Fatigue is the most common persistent symptom of COVID-19 in different variants of the virus

@Liza Summers by Pexels

@Liza Summers by Pexels

A research group led by the Rey Juan Carlos University (URJC) and in which the University of Valencia (UV) and the Complutense University of Madrid (UCM) participate has for the first time compared the symptoms at the beginning and six months after three groups of patients infected with different variants (Wuhan, alpha and delta) of SARS-CoV-2 who required hospitalisation. One of the main conclusions of the research, published in the journal Pathogens, is that fatigue is a symptom that affects patients in a similar proportion regardless of the variant of the virus.

"By remaining constant through the variants, it may be one of the key clinical criteria for defining this disease", says César Fernández de las Peñas, professor at the Department of Physiotherapy, Occupational Therapy, Rehabilitation and Physical Medicine at the URJC. However, the large number of symptoms associated with SARS-CoV-2 "makes it difficult to establish a single diagnostic criterion", he adds.

According to the study, patients infected with the Wuhan variant had on average more symptoms in the acute phase of the disease than the rest of the variants, among which fever, dyspnea - difficulty breathing - and gastrointestinal symptoms were the most common, while that with the delta variant there was more headache and anosmia - loss of smell - "These differences have been observed in the clinic throughout the different waves, but we have been the first to systematically compare them in a scientific study", says Fernández de las Peñas.

"Our work has consisted of analysing the data of the different variants to see if there are significantly different differences between the symptoms and sequelae of the different variants of the virus", highlights José David Martín, Professor of Electronic Engineering at the University of Valencia, and signatory of the article together with another researcher from the same department, Óscar Pellicer. This research is part of a broader collaboration, fundamentally with the Rey Juan Carlos University, in which UV experts analyse data sets of patients affected by COVID in the Community of Madrid, to draw conclusions about the varieties, dependence of symptoms in the short and long term with gender or with the permanence of more specific effects.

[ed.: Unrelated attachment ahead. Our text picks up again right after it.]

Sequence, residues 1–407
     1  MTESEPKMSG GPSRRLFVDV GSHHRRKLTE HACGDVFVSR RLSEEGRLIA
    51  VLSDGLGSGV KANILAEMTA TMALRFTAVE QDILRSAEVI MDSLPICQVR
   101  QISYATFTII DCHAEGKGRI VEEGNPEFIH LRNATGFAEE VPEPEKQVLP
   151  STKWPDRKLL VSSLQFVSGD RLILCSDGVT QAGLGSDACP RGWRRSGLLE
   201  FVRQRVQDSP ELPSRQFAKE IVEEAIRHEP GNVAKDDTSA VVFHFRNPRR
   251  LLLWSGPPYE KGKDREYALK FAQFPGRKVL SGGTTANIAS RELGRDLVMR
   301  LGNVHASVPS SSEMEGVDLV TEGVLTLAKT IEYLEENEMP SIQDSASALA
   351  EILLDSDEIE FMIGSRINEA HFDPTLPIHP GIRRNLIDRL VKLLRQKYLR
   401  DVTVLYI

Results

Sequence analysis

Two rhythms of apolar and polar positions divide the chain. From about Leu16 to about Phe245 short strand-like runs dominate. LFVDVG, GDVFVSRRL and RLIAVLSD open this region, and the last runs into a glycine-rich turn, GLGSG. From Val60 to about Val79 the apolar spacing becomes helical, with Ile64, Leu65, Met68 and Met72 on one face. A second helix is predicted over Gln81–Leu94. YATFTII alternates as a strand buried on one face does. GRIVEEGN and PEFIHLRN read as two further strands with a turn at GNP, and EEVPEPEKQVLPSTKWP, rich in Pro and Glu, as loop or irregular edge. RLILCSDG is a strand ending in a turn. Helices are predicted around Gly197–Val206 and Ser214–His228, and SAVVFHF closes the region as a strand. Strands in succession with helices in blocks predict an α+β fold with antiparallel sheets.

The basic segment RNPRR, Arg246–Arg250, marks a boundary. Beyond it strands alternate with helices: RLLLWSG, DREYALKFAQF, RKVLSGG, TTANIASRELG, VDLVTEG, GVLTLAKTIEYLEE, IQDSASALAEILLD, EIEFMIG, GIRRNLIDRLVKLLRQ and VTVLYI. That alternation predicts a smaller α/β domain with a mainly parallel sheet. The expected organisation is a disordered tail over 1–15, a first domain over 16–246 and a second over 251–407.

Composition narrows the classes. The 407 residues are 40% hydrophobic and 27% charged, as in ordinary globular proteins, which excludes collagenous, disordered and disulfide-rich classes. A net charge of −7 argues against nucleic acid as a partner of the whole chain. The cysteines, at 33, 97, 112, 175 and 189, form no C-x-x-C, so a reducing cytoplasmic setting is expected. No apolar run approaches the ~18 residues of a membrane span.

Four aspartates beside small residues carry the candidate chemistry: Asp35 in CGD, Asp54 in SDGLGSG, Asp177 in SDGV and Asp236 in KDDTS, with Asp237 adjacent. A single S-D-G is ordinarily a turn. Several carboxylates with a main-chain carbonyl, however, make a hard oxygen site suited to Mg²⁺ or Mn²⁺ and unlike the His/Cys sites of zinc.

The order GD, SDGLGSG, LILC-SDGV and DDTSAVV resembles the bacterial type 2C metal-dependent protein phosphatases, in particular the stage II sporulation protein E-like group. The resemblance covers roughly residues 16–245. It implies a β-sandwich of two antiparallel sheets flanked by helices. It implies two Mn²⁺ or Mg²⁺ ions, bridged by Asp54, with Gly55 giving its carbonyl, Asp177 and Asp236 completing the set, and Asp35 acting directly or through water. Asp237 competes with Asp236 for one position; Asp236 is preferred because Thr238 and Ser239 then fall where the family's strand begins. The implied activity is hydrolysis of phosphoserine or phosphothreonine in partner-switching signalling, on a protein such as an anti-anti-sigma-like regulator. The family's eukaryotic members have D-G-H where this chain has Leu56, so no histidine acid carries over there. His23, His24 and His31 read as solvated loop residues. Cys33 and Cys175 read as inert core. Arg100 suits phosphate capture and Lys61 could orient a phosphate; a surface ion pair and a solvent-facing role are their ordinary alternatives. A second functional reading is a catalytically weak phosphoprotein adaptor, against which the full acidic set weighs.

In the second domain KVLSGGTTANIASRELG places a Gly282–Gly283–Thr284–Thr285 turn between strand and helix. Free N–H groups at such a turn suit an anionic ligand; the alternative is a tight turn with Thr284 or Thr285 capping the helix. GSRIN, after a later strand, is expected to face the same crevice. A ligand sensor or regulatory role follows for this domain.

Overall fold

Telephone follow-up six months later

To carry out the study, the researchers reviewed the data of the 200 patients during their hospitalisation. Six months after the acute condition, telephone interviews were conducted to learn about the situation and symptoms of these people after hospitalisation. Fatigue had a similar persistence in the three groups of patients, although there were multiple symptoms with all variants of the virus.

Those infected with the Wuhan variant had a higher number of persistent symptoms (3 versus 2 for the rest of the variants), and dyspnea was the most frequent one. Patients with delta reported more alopecia.

"It seems that the incidence of persistent COVID may be lower as time goes by and in the presence of new variants such as omicron, probably conditioned by vaccination, but it is still a serious problem given the large number of infections that occur", says Juan Torres Macho, researcher at the UCM Department of Medicine and co-author of the work.

In addition to the UV, the URJC and the UCM, the San Carlos Clinical Hospital, the Infanta Leonor-Virgen de la Torre University Hospital, and the University of Aalborg (Denmark) have participated in the research.

Article: Fernández-de-las-Peñas, C.; Cancela-Cilleruelo, I.; Rodríguez-Jiménez, J.; Gómez-Mayordomo, V.; Pellicer-Valero, O.J.; Martín-Guerrero, J.D.; Hernández-Barrera, V.; Arendt-Nielsen, L.; Torres-Macho, J. ’Associated-Onset Symptoms and Post-COVID-19 Symptoms in Hospitalized COVID-19 Survivors Infected with Wuhan, Alpha or Delta SARS-CoV-2 Variant’. Pathogens 2022, 11, 725. DOI: 10.3390/pathogens11070725. Link: https://www.mdpi.com/2076-0817/11/7/725

Annex photo caption : José David Martín and Óscar Pellicer, researchers at Department of Electronic Engineering of the University of Valencia.

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